Drake Music Project Ireland provides access to independent music making for children and adults with complex disabilities. Workshops in composition and performance skills are afforded by the provision of adapted computer interfacing technology allowing people with disabilities the opportunity to express their creativity in an independent and controllable environment. 

Drake Music Project has been awarded Health and Safety Programme funding to enable the organisation to purchase equipment so they can adapt and continue their delivery of assisted technology music workshops to groups that are at high risk from Covid-19, many of who have had to isolate for a number of months.  The organisation will purchase sanitisation units, Perspex and polycarbonate medical grade desk dividers and screens, individual personalised controller units and computer equipment to suit the new distanced and safe working spaces.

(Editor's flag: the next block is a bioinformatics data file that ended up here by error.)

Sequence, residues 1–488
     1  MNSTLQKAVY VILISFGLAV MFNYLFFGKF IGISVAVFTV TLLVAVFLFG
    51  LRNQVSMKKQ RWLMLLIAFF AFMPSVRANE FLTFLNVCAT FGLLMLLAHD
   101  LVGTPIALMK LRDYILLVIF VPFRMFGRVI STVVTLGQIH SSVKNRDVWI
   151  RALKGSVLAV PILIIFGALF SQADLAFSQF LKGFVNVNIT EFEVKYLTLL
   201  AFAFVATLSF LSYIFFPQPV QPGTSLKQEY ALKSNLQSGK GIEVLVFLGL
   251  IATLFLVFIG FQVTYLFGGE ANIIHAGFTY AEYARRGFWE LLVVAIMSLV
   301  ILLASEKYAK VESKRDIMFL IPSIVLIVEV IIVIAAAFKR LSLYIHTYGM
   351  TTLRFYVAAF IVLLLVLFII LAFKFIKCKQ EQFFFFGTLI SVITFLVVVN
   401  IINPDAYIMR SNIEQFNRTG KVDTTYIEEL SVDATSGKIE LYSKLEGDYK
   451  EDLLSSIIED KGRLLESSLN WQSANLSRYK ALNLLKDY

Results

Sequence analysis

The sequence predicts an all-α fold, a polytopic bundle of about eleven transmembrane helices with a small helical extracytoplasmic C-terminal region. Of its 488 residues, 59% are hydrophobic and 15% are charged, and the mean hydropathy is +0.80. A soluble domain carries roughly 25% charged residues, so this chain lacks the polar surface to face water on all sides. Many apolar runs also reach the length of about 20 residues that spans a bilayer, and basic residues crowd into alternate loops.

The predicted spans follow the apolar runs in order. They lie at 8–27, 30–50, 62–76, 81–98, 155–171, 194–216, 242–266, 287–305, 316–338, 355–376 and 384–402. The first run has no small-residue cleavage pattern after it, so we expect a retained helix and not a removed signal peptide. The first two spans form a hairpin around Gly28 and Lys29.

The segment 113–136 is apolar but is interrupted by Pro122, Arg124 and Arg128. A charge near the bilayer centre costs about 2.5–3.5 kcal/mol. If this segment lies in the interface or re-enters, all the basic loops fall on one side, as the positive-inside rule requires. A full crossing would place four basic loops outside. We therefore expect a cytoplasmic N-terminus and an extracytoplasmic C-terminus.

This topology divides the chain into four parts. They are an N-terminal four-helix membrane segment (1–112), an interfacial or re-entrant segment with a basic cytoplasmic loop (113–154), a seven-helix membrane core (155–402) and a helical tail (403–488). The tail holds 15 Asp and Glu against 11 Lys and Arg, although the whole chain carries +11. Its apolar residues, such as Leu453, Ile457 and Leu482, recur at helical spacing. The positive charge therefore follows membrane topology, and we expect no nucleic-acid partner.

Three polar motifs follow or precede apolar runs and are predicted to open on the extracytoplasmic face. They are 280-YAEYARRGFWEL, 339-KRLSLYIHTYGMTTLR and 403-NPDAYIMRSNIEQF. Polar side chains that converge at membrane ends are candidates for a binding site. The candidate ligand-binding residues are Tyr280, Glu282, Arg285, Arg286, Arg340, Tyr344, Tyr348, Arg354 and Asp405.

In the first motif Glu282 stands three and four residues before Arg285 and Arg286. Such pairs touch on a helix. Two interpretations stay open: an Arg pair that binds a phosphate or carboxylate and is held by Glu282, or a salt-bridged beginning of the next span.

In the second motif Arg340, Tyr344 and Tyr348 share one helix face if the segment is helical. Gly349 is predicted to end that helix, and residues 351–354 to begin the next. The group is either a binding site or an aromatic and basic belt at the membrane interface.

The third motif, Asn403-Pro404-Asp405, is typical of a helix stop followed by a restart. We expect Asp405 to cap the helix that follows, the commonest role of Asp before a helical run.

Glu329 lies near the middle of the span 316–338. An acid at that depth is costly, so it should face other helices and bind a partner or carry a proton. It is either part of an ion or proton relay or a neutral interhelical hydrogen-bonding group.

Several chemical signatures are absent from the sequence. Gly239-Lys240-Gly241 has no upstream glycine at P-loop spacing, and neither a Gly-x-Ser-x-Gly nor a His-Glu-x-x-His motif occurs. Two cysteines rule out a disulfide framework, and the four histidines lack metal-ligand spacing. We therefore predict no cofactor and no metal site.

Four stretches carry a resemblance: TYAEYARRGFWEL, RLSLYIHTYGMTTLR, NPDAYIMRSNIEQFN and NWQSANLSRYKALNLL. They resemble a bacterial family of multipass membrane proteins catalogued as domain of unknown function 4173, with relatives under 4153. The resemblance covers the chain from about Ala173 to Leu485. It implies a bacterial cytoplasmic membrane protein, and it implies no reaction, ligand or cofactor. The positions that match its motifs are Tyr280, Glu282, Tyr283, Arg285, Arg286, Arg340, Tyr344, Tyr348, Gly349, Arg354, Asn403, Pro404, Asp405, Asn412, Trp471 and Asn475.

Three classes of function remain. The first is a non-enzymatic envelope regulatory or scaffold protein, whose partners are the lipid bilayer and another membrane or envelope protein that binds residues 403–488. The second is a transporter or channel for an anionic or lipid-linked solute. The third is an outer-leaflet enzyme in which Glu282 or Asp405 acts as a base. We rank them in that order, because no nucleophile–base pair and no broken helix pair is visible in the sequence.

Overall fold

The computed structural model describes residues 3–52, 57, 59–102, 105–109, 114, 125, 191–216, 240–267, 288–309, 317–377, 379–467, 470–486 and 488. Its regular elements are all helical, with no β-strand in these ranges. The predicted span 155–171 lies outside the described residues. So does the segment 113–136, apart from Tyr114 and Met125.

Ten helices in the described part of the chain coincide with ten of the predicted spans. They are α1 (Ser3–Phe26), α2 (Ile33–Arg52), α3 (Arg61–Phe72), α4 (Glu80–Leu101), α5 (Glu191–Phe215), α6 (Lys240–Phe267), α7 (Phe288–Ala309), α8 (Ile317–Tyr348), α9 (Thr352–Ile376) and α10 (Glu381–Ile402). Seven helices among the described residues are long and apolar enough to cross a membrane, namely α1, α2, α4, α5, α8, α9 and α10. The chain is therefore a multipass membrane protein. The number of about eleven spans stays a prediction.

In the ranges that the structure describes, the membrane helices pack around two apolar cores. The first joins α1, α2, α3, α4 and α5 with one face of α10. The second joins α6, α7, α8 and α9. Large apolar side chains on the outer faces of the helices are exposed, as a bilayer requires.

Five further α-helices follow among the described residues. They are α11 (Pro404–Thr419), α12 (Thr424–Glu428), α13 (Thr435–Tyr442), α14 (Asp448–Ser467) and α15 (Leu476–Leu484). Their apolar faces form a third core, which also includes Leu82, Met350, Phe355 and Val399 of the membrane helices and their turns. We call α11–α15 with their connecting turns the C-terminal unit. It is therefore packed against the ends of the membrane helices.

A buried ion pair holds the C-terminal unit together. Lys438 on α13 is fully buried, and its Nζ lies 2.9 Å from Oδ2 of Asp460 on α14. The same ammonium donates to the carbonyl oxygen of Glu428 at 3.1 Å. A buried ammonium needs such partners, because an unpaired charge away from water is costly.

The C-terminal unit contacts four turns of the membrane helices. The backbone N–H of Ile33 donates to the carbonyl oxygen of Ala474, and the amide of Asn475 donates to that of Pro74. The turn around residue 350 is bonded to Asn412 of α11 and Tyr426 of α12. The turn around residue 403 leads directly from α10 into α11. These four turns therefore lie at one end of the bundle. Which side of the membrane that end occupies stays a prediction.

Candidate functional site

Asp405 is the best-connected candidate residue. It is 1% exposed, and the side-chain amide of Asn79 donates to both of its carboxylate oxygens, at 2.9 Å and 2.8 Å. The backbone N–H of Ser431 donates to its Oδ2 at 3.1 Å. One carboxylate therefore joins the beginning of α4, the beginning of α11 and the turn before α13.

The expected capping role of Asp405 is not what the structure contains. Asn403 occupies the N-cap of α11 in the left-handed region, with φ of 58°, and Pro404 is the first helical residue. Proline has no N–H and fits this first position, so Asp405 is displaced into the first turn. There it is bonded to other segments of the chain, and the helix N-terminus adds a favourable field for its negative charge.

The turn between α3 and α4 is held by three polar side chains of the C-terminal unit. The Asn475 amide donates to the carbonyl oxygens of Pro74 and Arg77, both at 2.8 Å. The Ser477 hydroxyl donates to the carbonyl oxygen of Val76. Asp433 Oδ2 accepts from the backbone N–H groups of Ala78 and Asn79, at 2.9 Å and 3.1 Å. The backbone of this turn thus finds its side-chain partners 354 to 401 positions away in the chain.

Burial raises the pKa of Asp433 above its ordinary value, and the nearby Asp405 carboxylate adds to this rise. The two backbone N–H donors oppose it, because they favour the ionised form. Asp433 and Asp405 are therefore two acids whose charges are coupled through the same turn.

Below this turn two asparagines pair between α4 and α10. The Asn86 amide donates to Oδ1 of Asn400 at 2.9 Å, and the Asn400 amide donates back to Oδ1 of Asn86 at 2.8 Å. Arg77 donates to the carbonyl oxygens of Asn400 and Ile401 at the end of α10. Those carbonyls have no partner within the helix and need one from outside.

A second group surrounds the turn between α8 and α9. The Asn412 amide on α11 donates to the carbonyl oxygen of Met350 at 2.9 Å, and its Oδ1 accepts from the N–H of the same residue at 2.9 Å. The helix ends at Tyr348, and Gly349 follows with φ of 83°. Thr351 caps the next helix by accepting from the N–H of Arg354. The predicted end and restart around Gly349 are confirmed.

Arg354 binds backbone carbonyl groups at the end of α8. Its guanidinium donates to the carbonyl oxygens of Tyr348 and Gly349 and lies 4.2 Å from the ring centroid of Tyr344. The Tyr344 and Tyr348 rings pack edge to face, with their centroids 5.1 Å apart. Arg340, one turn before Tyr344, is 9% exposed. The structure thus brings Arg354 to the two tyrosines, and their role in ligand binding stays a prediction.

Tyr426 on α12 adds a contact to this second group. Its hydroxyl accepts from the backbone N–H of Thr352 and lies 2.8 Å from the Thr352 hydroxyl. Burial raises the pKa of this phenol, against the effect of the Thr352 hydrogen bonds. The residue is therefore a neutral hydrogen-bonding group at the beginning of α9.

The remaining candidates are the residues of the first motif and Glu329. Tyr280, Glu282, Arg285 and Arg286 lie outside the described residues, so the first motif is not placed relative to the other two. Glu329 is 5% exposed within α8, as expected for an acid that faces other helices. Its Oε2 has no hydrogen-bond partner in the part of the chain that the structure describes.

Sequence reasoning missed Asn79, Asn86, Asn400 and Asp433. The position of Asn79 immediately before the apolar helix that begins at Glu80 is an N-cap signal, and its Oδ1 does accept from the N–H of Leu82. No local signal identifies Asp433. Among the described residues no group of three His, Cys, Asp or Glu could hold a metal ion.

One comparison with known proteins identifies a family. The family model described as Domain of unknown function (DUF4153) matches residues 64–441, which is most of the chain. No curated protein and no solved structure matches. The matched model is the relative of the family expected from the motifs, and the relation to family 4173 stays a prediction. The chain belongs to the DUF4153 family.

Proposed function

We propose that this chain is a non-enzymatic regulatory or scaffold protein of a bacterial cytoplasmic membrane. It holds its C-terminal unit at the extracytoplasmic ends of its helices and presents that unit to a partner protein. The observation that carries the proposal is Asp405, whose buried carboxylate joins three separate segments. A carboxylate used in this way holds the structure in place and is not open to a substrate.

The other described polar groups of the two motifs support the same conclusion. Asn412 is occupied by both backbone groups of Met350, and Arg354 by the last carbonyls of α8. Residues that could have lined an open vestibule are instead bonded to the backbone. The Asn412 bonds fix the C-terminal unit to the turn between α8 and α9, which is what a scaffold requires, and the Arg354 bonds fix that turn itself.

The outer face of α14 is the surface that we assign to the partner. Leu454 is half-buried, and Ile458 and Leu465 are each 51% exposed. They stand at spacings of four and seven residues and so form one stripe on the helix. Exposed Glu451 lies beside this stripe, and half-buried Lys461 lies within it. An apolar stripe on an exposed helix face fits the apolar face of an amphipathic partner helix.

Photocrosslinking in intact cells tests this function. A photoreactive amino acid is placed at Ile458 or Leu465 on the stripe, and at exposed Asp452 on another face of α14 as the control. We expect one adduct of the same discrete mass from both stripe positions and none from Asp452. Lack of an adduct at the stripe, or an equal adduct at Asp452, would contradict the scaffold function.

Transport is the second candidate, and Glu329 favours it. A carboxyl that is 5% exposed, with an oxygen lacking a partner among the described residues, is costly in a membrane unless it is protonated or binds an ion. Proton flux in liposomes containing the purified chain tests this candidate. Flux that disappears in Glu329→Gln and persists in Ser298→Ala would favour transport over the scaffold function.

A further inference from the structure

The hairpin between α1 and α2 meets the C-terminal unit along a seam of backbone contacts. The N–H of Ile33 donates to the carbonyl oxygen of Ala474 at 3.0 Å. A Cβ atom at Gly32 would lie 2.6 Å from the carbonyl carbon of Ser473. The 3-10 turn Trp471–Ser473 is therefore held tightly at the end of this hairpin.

The organisation’s core work involves the creation, building and provision of assistive music technology and adapted instruments for people with complex and profound disabilities so they will purchase laptops and I-Pads as these are at the heart of a musician’s adapted instrumental setup, with interfaces and controllers added, to create an independent accessible musical environment for composition, performance and non-real time processing.  Post-Covid, these kits of instruments can serve across the community in outreach workshops, so they will have a shelf life beyond the current restrictions.